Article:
It turns out the moon is older than many scientists suspected: a ripe 4.51 billion years old.
That’s the newest estimate, thanks to rocks and soil collected by the Apollo 14 moonwalkers in 1971.
A research team reported Wednesday that the moon formed within 60 million years of the birth of the solar system. Previous estimates ranged within 100 million years, all the way out to 200 million years after the solar system’s creation, not quite 4.6 billion years ago.
The scientists conducted uranium-lead dating on fragments of the mineral zircon extracted from Apollo 14 lunar samples. The pieces of zircon were minuscule ” no bigger than a grain of sand.
“Size doesn’t matter, they record amazing information nonetheless!” lead author Melanie Barboni of the University of California, Los Angeles, said in an email.
She noted that the moon holds “so much magic … the key to understand how our beautiful Earth formed and evolved.”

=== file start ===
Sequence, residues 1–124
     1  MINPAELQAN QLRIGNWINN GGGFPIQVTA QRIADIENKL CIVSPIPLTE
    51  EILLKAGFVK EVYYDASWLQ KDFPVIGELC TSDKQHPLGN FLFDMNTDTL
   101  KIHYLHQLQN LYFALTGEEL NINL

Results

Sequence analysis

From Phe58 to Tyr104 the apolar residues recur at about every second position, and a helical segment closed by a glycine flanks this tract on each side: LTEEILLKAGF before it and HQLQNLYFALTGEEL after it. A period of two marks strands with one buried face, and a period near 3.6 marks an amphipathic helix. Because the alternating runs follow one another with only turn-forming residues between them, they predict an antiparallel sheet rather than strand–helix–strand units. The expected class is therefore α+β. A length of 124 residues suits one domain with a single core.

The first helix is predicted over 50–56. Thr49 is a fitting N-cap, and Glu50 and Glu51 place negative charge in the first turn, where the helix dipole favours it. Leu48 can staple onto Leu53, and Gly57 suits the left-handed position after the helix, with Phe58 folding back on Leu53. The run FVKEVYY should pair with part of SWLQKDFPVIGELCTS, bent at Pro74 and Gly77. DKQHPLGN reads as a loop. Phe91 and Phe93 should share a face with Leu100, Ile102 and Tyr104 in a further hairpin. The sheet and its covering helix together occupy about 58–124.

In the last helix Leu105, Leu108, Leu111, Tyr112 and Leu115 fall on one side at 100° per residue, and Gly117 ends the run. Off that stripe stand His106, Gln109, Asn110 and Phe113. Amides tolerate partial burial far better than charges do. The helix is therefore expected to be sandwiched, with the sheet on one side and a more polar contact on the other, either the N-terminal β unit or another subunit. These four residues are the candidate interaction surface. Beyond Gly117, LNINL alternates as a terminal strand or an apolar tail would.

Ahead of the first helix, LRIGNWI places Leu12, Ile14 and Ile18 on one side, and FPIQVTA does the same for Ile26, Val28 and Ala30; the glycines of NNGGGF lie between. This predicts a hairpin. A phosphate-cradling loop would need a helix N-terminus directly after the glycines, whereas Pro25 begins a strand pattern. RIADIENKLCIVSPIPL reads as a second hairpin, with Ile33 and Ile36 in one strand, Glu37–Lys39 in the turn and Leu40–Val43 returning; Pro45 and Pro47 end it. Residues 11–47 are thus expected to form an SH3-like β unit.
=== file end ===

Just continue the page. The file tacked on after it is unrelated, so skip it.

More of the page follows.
The moon was created from debris knocked off from Earth, which itself is thought to be roughly 4.54 billion years old.
Some of the eight zircon samples were used in a previous study, also conducted at UCLA, that utilized more limited techniques. Barboni said she is studying more zircons from Apollo 14 samples, but doesn’t expect it to change her estimate of 4.51 billion years for the moon’s age, possibly 4.52 billion years at the most.
“It would be more a double-checking than anything else,” she explained. She and her colleagues ” whose work appeared Wednesday in the journal Science Advances ” are eager to learn more about the moon’s history and, in turn, the evolution of early Earth and the entire solar system.